Live and learn! That's what makes travel so fun right?

Weather Diary, Aug 17: Hi 80, Low 62/ Precip 0

All material © 2009-2017 by Loree Bohl for danger garden. Unauthorized reproduction prohibited and just plain rude.

27 comments:

  1. I was thinking the same thing about where these plants all go for the winter! This takes the annual migration to a whole new level! Loved seeing the larger context of your Wednesday Vignette. Not sure about those birch logs added to the gate. Seems like a welder could easily add more metal bars.

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    1. See Steve's comment below, re: the greenhouse!

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  2. I'm in love with that Cycas circinalis! The whole garden looks gorgeous ¿were those hibiscus planted in the ground? Tylene grows outdoors here but even our generally frost free winters give her a bad time. Greetings from Argentina!

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    1. I'm guessing (because I can't remember) the Hibiscus were probably in containers.

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  3. There is a greenhouse facility where these plants go in the winter. The tour there is spectacular in itself.

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    1. Oh my...I can only imagine! (thanks for the info)

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    2. I spent a summer after my junior year in college working in those greenhouses. They are massive!

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  4. Well Buggery! I wish I'd known this garden had such cool tropical plants, I would have been up for that, it might have improved my mood on that screaming hot day. I read about the Enid Haupt garden and honestly it sounded kind of ordinary to me, so I skipped it. Thanks for showing what I missed.

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    1. I'm a wanderer, I want to see it all! Glad to share.

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  5. Utterly stunning and so nice to see something where I can enjoy being an American. I remember when I was maybe in college seeing an article about Enid A. Haupt in a design magazine that showed her art collection and her orchids. It was a swoon-worthy environment and I wasn't even into gardens then.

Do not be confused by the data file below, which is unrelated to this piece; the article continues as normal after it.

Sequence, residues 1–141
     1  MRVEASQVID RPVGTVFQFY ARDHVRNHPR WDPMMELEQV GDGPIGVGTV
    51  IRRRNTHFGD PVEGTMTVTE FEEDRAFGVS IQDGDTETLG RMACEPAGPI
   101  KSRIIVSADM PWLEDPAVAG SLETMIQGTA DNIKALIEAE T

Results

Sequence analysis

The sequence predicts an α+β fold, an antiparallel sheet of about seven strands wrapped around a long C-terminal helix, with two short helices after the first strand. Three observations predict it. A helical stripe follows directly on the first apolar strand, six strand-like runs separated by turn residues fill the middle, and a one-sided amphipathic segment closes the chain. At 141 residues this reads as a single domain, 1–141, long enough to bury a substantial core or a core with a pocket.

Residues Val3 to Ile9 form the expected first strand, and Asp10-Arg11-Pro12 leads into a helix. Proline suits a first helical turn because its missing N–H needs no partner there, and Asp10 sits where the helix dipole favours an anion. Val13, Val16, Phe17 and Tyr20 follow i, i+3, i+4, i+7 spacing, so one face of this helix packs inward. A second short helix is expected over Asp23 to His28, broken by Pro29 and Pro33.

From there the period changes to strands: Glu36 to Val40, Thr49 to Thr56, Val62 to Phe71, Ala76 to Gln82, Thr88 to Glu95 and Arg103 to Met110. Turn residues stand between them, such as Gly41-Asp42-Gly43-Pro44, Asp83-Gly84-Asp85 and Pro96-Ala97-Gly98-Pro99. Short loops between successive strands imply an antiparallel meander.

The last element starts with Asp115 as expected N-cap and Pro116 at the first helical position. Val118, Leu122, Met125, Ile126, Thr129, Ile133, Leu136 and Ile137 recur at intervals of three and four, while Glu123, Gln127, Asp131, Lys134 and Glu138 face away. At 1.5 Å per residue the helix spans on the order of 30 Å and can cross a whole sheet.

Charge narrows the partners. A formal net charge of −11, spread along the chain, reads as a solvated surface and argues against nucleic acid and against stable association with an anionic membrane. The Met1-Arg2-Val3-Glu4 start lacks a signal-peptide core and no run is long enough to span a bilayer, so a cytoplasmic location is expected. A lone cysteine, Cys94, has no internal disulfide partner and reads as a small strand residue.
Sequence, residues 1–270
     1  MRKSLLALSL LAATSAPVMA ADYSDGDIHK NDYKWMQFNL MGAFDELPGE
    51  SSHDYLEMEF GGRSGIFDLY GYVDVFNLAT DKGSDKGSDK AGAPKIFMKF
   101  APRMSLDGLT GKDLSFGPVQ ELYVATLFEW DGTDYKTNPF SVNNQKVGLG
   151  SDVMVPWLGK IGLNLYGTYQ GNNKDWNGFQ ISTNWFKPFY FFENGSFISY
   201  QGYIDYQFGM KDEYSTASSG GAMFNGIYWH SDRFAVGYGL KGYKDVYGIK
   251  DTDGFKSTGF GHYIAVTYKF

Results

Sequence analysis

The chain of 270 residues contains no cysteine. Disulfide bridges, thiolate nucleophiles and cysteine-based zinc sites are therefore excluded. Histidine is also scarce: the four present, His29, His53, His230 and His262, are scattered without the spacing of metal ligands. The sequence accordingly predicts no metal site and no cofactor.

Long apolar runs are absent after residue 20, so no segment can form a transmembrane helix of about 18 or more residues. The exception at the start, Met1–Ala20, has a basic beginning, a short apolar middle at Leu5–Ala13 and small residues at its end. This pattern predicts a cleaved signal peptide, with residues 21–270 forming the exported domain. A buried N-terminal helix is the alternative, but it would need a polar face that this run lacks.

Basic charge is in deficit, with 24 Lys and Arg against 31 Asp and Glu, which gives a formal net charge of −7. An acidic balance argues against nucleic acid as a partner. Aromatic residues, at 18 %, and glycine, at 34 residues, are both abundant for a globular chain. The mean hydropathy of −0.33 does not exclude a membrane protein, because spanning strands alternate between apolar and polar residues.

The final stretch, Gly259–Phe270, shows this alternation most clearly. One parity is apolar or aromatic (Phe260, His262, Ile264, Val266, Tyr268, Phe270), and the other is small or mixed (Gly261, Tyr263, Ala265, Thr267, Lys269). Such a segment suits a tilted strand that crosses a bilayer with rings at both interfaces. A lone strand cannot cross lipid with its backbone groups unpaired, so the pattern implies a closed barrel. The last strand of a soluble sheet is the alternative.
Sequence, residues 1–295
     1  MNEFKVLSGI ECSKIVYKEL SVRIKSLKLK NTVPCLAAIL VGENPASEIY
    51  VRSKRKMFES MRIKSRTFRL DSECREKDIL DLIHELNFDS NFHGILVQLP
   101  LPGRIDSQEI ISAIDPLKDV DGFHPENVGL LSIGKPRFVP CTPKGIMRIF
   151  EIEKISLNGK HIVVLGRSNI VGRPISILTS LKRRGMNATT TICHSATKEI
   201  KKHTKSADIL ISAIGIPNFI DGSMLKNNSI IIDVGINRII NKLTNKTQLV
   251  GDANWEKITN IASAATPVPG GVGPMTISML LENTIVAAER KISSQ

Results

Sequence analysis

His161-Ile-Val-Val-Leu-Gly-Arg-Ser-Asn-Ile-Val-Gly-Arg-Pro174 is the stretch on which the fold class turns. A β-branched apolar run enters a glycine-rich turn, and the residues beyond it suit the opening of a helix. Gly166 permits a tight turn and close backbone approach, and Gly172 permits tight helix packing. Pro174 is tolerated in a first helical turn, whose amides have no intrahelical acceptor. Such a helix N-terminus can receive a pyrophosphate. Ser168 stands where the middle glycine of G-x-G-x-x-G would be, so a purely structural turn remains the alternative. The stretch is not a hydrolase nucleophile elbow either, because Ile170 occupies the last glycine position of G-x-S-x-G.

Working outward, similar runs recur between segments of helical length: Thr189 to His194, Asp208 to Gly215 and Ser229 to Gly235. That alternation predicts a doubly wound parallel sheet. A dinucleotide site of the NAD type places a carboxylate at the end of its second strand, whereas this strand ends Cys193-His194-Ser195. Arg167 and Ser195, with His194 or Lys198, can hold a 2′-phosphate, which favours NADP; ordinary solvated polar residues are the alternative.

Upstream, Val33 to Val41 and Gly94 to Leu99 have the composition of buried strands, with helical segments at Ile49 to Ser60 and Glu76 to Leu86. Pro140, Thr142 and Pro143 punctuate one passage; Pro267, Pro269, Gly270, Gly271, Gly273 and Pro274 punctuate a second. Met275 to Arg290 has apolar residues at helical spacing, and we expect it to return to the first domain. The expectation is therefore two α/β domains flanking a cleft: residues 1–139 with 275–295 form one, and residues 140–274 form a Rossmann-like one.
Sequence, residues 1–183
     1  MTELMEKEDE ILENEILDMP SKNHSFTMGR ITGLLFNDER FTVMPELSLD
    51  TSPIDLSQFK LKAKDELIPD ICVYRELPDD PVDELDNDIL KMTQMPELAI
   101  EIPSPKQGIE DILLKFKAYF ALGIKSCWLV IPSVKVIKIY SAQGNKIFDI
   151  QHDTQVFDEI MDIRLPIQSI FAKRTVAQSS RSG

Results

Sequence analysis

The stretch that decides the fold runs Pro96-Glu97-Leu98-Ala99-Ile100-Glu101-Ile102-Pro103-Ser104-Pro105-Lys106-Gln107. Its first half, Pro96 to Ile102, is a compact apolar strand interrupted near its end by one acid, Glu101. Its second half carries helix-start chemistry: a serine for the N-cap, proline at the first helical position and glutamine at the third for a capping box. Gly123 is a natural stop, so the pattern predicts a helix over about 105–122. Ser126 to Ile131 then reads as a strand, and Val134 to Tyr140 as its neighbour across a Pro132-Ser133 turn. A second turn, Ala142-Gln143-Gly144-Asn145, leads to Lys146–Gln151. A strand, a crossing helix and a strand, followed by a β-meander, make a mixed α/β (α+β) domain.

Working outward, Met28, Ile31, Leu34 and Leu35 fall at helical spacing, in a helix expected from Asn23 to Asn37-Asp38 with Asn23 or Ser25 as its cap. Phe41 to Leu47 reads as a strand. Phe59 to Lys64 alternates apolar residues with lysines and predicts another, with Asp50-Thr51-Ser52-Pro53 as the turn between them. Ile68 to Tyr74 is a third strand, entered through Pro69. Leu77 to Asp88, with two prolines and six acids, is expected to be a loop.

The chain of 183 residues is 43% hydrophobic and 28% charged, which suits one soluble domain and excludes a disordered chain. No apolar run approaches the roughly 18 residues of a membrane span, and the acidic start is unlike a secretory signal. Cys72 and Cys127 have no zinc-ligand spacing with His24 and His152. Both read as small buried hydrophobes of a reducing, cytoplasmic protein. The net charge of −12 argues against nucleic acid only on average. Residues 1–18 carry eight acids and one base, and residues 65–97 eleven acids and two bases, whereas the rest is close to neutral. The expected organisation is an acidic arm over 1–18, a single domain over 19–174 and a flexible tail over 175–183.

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    1. You have an amazing memory Linda!

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  6. Buggery is a good word I haven't seen on this blog before. An impressive garden; Indeed what happens to all the tropical plants in winter? Dioon spinulosum is a stunner. I also like the picture of the formal garden, facing the the castle's entrance from a distance: perfect symmetry.

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    1. Steve (commenter above) says they go in a greenhouse for the winter...wouldn't you love to watch the process?

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  7. A form of asperrima (fka scabra)? The humidity will make Agaves look considerably different, droopier, for sure.

    All the tropical plants thriving in DC's humid heat. Briefly, of course. Thank you for the tour!

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    1. Ah, thanks for the Agave suggestion...poor humid Agave...

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  8. That part of DC is a microclimate Z8 most years

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    1. So about the same as my garden, interesting.

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  9. You saw way more of Enids garden than I did. Glad to see the photos of what I missed. And the birch in the fence is a big fail for me.Out of place-and I never saw that either !

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    1. I wonder if they "gussy" up the gate seasonally? Changing up the extras?

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  10. I was with Kathy (and Sue) and I think we skirted just the edge of the Haupt garden. I certainly missed most of what you caught. You made great use of our time on the Mall and, as always, you have a great eye for what makes each space special.

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    1. I had the advantage of knowing I would return on Monday, so I was much less rushed.

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  11. Ohhhhhh....Ahhhhhhh....these pictures are better than watching fireworks!

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    1. Oh yes, plants over fireworks any day of the year!

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  12. Just when you think you've seen it all...

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  13. This post is making me all nostalgic for DC. Thanks for the memories.

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  14. Very nice. I thought I'd seen this garden but apparently missed much of it. Definitely didn't seen the moongate garden.

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  15. Great photographs, especially the Cycads and Yucca rostrata. We really enjoyed this garden, and you capture it well. We also appreciated the iced coffee in the Castle cafeteria.